The City of Conversation

city of conversation
The City of Conversation
Horizon Theatre
through June 26, 2016

This tale of politics and relationships is brought to us in a stately home in the Georgetown area of DC, and it starts in the days of the 1970’s and runs up to the early part of this century.

I think most of us might agree that ours is not a democracy, but an oligarchy. Politics is a business and politicians are for sale. Think about it. Why would somebody want to be an elected official? I was taught at an early age that it was always good to have a friend at court. Ergo, if you have a hefty wallet you may want to donate to both parties and thereby insure your continued welcome sign.

So we meet a superb cast under direction of Justin Anderson, who are coming and going from the home of Hester (Tess Malis Kincaid) who has her libertarian agendum. Her son, Colin (Justin Walker) has shown up on a day when she is expecting some special guests with whom she wishes to discuss some pending legislation. It’s not that sure what her connection is, but she is working with help from her sister Jean (Carolyn Cook) who is helping her out in so many ways. Hester comes off in some aspects as an adult spoiled child.

Colin has his fiancé, Anna (Rachel Garner) with him. They’ve both been graduated from the highly esteemed London School of Economics, and while they know that their diplomas can be a green card for posh jobs in DC, they have significantly divergent views from Mommy-Dearest, who takes exception to Anna’s apparel and deportment and to Colin’s hair style.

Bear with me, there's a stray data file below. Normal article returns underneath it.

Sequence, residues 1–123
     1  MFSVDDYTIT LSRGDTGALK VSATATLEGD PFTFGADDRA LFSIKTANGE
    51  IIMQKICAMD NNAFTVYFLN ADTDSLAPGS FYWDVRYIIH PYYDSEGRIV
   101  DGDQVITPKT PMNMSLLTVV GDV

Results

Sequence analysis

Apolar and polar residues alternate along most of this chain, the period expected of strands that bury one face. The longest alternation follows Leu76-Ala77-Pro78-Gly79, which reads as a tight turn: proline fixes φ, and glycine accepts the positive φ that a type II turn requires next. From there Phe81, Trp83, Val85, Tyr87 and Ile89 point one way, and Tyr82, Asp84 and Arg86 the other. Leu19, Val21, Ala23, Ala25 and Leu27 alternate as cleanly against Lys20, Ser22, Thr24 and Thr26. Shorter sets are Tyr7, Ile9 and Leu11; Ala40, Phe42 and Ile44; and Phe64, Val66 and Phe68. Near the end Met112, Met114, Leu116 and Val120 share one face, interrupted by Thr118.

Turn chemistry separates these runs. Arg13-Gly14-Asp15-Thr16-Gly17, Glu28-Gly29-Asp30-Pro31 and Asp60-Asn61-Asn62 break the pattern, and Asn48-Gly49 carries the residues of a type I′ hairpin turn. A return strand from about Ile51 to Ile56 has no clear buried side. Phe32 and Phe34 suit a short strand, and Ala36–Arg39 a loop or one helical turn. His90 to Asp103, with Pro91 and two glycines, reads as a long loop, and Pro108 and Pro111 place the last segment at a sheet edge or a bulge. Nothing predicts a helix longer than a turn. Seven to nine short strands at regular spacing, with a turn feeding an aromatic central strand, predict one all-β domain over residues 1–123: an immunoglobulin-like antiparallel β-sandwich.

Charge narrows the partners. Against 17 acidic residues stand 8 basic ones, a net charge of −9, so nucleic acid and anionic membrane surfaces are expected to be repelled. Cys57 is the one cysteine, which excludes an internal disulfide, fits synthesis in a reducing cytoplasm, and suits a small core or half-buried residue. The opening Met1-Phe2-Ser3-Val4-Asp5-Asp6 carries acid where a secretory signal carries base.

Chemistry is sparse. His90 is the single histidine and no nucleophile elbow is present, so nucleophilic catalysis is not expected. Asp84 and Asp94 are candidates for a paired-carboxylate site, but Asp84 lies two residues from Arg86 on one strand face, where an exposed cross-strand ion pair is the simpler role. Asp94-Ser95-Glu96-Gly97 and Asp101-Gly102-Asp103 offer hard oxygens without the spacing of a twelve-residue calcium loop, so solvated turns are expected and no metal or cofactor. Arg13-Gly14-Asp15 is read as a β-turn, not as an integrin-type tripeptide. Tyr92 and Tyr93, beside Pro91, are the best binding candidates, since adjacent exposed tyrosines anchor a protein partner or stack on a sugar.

The big shot dinner guest is Chandler Harris (Chris Kayser) who is a proper gent, but does have some non-governmental interests in Hester. Then the other political couple come to dine. They are Carolyn and George Mallonee, played by Deborah Bowman and Allan Edwards. While Chandler and George are up for following the old boys procedure to discuss matters after dining, that isn’t going to get them an escape from Anna. And Carolyn and Hester are obviously not cut from the same cloth.

Some of the political jazz relates to the days in the 1980’s when Reagan wanted Robert Bork confirmed for the Supreme Court, and all the aggravations that it stirred up. The nomination was not confirmed. Then we meet the players in a scene when Colin is also in the political circus but is not on the same team as Hester. But, Hester is grandmother to their 6 year old son, Ethan (Vinny Mantague). All hell breaks loose over some words which may have passed to, or been overheard, by the youngster; and the family then evolves into a truly dysfunctional gang. And as the years pass we find the grandson Ethan, now 27, coming to visit Grammy. He’s accompanied by his partner, Donald (Joshua D. Mitchell), and as the scene evolves we understand the nature of their partnership. Where will this go, and who will connect with whom, may be the question as the act closes.

But, after all is said and done, we have a situation in which a parent is condemned in some manner by an offspring for unacceptable behavior; and who is going to seek redress, who may wish to atone, and all the sort of angst that so many families can stir up in our time. And it makes one think about our government and those who run it that as the French may say, “The more things change, the more they stay the same.” C’est la vie.

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